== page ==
In addition to that, you will greatly improve your pronunciation, your confidence and you could even make friends.

8. Listen to French podcasts

Podcasts are incredibly useful, you can bring them everywhere with you and use them to study French while walking, going to work etc.

After reviewing  many of them, I find Frenchpod101 and CoffeeBreak French to be the best, because it teaches you real spoken without overwhelming you with information.

However, depending on your level, there may be a better alternative like Français Authentique. Be sure to check out my review of the best French podcasts to find the perfect podcast.

9. Use audiobooks

Audiobooks are books read out loud for you. They are not only highly addictive, but can also be awesome language learning tools.

If you are a beginner, you could start with children audiobooks and then listen to more advanced audiobooks.
You can also click here to get your first audiobook for free.

If you are the lucky owner of a Kindle Fire or an Android device, you can even listen to an audiobook and see the text highlighted in real-time with immersion reading.

10.Learn with Français Authentique

Français Authentique is a French course specifically designed for people who understand written French, but struggle to understand spoken French and would like to become more confident speakers.

Read my review to learn more about the Français Authentique method, or check out the official website!

Over to you

Do you struggle to understand spoken French? What do you do to improve your listening skills? What are your favorite French listening resources?

32 thoughts on “How to Quickly Improve Your Understanding of Spoken French”

  1. Merci pour les conseils. Il y aura 2 jours, j’irai à Paris avec ma mère et mes amis. Je suis anglais, et ça pourrait dûr de comprendre ce qu’une personne française dit. Parfois, c’est plus facile de comprendre, mais la plupart de temps, c’est si dûr! Je devrai le parler quand j’irai, pendant 4 jours. Aujourd’hui, je regardai le journal en français, et je reussis à comprendre quelques faites qui étaient mentionné, et pendant les derniers jours, j’ai parlé avec mes amis canadiens, de Quebec. Ce m’a donné assez d’exercise pour les vacances en France, et à l’avenir, j’utiliserai ces conseils pour élargir mes horizons. Merci 🙂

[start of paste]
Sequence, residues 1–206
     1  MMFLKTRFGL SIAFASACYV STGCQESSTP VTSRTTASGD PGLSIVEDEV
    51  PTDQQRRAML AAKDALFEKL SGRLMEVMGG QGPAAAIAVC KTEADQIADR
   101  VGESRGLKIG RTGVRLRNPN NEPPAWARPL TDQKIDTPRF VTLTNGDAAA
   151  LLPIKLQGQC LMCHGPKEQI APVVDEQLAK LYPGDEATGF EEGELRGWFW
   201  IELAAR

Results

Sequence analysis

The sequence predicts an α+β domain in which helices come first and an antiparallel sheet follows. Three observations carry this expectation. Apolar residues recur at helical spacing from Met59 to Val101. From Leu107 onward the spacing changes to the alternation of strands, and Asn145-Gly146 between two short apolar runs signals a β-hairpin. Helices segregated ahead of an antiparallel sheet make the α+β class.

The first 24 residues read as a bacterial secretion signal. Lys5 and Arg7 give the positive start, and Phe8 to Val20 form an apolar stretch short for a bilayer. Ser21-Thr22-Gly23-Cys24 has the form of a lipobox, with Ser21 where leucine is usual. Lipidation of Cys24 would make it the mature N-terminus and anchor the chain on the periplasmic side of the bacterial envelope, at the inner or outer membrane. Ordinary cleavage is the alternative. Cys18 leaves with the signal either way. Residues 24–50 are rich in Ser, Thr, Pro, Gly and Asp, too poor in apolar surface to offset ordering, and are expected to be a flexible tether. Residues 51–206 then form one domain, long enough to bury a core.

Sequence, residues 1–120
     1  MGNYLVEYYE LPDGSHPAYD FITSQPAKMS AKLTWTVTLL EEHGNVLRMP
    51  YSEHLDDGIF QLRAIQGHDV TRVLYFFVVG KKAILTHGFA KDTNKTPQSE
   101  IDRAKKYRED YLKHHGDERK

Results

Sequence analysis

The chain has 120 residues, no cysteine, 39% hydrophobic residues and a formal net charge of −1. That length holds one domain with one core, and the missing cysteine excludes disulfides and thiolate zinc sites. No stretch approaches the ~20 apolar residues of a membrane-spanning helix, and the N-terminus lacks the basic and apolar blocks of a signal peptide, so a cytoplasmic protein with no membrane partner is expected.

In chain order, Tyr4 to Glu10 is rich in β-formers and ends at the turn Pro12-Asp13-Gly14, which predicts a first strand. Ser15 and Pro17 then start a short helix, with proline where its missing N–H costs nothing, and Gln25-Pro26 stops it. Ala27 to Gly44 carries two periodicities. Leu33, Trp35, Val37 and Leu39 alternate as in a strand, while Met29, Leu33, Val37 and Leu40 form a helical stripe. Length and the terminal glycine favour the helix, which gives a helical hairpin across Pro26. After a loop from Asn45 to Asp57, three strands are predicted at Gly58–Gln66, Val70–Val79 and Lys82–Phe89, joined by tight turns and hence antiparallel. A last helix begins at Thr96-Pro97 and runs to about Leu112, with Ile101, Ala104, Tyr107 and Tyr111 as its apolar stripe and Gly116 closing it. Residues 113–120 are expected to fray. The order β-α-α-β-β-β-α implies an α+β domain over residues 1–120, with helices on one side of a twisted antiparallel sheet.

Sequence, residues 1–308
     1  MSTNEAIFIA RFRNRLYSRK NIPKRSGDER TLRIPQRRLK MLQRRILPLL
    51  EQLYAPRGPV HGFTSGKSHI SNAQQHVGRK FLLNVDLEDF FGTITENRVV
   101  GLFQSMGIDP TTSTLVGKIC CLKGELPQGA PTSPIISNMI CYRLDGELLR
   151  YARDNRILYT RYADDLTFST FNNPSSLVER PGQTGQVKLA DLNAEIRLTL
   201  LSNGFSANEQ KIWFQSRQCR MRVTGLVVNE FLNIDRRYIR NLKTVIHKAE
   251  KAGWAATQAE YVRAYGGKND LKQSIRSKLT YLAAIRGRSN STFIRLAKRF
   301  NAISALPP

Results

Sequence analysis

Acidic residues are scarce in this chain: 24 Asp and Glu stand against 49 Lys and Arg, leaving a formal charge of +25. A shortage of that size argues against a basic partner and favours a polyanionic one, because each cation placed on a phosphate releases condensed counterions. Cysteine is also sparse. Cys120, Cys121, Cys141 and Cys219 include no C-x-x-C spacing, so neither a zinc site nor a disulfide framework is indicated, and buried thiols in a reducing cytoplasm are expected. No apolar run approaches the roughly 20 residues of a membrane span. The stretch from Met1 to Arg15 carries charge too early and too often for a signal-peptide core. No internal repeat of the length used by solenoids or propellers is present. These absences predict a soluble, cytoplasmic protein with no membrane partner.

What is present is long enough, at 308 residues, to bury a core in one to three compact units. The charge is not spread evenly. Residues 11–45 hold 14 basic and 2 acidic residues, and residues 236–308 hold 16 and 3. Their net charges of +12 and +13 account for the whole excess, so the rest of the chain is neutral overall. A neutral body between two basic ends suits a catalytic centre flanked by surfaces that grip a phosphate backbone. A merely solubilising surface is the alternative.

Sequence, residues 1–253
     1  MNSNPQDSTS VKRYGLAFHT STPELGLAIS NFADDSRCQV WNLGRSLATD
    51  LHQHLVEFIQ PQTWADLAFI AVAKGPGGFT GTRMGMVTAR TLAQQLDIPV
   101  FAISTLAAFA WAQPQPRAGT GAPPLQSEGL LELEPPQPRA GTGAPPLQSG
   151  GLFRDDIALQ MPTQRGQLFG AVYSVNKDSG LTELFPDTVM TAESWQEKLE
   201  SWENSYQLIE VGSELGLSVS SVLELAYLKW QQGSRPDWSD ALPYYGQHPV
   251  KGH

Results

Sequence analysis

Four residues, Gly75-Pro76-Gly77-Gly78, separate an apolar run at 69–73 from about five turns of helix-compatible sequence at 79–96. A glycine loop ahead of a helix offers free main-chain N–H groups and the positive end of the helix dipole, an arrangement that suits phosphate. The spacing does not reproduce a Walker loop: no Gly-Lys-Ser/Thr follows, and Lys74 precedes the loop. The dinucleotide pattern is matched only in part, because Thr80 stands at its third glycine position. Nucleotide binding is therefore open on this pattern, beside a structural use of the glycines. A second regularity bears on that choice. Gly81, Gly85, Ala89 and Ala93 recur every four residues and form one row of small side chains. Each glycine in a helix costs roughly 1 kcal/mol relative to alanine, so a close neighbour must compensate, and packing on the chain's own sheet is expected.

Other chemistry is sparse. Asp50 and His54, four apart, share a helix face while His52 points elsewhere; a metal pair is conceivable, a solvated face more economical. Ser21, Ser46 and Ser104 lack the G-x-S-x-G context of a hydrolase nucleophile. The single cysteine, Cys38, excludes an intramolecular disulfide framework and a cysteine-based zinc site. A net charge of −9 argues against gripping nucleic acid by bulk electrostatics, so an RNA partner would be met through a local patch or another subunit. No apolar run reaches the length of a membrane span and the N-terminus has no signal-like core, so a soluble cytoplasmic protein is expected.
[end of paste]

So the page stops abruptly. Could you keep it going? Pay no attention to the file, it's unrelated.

Reply
  2. J’aime la lecon et votre aide. Je suis avec Yabla French et Frantastique et J’ai une classe à la bibliothèqu et le professeur est de Toulouse.. C’est incroyable les choses pour aprendre Français qui sont disponibles dans l’ordinateur. J’ai les “pen pals” (correspondents) aussi et elles sont mes amis aussi. C’est le meilleur aide de tous!

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  3. i am learning french . i am good at reading and writing . but i can’t talk ; i’m searching for fun french series and movies with french subtitles

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  4. I am looking for a YouTube videos with spoken French with French subtitles. I learned French via junior high and high school and I have good conversational and written French but I would like to increase my proficiency. Any suggestions?

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  5. I suggest using filmon.com,there you can watch tv channels in the language you want,by the way I’ve learnt five languages with this tool,I mean the listening part of them,but the rest,only depends on hard-working.